CommSec Pocket vs Raiz: Investment app comparison

Posted: 5 August 2019 10:55 am
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CommSec Pocket and Raiz Invest both micro-invest into the stock market, so what are the differences and why should you pick one over the other?

We compare virtually everything at Finder and our Comparison of the Week isn't afraid to tackle the big questions. This week we take a look at the two popular investment apps Raiz Invest and CommSec Pocket.

CommSec Pocket is the Commonwealth Bank's new micro-investing app offering cheap and easy access to the stock market, yet it’s not the first to do so. The popular Raiz Invest (previously Acorns) uses a similar low-fee strategy as CommSec Pocket with both apps allowing users to invest small amounts of money into funds containing hundreds of companies listed on the stock market, but there are a few key differences.

The essentials

CommSec Pocket is the latest investment app to hit the Australian market, launching at the end of July by the CBA's investment arm, CommSec. It caused a stir thanks to its low brokerage fees of $2 and low minimum investment requirement of just $50.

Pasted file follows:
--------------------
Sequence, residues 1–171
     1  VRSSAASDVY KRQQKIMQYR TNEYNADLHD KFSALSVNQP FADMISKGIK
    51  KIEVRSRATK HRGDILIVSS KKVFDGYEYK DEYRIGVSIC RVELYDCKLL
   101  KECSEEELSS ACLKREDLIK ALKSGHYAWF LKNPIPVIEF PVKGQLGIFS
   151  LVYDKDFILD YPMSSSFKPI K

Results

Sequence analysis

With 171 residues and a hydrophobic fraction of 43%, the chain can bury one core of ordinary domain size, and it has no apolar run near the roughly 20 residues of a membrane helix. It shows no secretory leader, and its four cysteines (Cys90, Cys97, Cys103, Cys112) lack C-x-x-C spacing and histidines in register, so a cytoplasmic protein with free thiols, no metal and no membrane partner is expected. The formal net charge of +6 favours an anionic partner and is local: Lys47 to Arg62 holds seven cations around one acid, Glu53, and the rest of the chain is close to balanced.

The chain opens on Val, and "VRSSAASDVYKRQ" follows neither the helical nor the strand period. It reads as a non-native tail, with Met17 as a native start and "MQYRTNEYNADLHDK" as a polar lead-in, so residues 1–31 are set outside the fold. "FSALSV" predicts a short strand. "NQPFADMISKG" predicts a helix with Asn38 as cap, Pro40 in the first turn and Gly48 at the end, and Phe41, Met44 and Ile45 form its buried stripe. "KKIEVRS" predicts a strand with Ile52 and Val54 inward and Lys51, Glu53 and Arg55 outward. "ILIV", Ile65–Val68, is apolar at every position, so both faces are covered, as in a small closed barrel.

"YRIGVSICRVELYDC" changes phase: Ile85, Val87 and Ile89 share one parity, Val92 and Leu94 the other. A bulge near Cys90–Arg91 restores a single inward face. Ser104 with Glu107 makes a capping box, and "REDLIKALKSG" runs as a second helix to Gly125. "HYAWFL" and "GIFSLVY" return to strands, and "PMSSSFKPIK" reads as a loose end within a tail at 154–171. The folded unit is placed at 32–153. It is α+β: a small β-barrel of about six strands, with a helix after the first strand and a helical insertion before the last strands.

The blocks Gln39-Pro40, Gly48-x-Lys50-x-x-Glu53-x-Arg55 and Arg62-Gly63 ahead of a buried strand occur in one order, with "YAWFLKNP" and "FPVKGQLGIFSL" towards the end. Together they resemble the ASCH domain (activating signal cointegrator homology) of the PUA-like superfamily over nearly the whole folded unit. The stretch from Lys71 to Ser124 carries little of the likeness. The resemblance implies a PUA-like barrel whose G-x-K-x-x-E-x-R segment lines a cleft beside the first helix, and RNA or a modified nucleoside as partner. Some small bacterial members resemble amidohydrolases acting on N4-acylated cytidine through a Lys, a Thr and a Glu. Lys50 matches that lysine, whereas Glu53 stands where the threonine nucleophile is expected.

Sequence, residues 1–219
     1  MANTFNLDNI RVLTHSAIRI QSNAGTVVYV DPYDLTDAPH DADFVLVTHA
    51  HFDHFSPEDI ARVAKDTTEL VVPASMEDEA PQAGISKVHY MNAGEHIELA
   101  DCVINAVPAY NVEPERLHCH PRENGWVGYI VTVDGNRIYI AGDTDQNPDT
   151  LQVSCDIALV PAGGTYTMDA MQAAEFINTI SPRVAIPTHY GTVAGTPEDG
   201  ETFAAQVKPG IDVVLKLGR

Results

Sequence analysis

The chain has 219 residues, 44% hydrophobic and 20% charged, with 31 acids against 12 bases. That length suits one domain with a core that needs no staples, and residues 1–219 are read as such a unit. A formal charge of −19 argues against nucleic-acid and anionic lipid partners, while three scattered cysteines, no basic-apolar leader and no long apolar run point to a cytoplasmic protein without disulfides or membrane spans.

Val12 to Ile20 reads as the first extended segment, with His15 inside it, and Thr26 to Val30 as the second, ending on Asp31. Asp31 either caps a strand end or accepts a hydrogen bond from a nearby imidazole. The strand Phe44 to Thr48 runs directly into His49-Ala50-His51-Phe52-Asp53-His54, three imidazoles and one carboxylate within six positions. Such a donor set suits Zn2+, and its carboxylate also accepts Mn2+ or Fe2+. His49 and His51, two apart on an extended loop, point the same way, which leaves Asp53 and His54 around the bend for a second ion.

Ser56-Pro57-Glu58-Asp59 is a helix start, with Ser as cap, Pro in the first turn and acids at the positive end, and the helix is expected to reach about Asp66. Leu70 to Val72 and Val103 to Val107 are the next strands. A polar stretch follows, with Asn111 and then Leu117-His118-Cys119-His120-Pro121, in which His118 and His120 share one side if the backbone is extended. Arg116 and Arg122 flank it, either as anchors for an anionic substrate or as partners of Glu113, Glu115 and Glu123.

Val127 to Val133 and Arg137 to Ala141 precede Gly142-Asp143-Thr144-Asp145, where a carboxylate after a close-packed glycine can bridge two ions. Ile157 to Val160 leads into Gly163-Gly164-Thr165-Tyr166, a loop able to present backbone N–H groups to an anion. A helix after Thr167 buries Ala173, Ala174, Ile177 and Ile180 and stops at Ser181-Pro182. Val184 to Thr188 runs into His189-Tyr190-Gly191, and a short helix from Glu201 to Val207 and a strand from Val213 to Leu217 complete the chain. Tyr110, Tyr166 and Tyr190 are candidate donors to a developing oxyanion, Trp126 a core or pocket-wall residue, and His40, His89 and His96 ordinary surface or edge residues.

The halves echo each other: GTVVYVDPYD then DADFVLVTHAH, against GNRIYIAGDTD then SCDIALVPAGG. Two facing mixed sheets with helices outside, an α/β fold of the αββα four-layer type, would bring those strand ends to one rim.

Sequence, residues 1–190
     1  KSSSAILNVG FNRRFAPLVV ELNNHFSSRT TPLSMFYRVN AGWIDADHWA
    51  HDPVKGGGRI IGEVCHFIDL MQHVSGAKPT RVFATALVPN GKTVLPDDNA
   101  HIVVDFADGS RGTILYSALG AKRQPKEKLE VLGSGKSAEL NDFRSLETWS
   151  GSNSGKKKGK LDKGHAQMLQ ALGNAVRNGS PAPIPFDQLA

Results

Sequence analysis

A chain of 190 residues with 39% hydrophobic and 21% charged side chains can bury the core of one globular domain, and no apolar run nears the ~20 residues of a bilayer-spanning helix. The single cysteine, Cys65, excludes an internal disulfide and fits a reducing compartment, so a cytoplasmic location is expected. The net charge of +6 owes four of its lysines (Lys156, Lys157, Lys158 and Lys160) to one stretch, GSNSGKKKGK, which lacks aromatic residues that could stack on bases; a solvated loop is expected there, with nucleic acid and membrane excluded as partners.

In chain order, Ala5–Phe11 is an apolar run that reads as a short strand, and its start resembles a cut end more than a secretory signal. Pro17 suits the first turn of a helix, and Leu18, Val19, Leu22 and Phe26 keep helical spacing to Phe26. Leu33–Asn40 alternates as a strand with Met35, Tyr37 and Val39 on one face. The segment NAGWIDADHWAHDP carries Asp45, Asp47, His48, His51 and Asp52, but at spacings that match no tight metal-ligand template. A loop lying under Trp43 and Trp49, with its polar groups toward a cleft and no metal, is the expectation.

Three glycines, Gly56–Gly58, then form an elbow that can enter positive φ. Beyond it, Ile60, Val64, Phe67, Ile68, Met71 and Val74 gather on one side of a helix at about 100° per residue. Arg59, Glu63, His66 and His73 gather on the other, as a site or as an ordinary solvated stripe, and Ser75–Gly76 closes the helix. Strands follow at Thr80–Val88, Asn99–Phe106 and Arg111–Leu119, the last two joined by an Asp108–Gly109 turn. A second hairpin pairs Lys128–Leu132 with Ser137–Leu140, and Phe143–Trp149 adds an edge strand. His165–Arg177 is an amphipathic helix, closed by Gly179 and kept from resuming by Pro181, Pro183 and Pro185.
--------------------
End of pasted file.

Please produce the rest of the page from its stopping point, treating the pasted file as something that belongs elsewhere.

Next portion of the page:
Raiz Invest (previously Acorns) launched in 2016 in Australia and quickly became popular for its round-up feature which invests spare change from daily purchases into an investment portfolio of your choosing. Today more than 1.1 million users have downloaded the app and it has over $331 million in funds under management.

Both apps work by investing funds into exchange traded funds (ETFs). When you invest in an ETF, you're buying units in a listed fund that holds multiple stocks (and sometimes other securities). So instead of investing in one company as you might when you buy stocks, you can invest in many companies through a single trade.

Watch: CommSec Pocket vs Raiz

The comparison

So how does CommSec Pocket differ from Raiz and which one is best for you? We compare how they work, their fees and their investment strategies.

CommSec Pocket Raiz Invest
Minimum investment amount CommSec Pocket has a minimum investment requirement of $50. There's no minimum balance requirement, and you only need $5 or more to start investing.
Portfolio options You get a choice of seven different ETFs: Aussie Top 200 (IOZ iShares Core S&P/ASX 200 ETF), Global 100 (IOO iShares Global 100 ETF), Emerging Markets (IEM iShares MSCI Emerging Markets ETF), Aussie Dividends ( SYI SPDR MSCI Australia Select High Dividend Yield Fund), Tech Savvy (NDQ BetaShares NASDAQ 100 ETF), Sustainability Leaders (ETHI BetaShares Global Sustainability Leaders ETF), Health Wise (IXJ iShares Global Healthcare ETF). Raiz offers six investment portfolios to choose from, ranging from low risk to high risk. These are Conservative, Moderately Conservative, Moderate, Moderately Aggressive, Aggressive and an ethical portfolio, Emerald.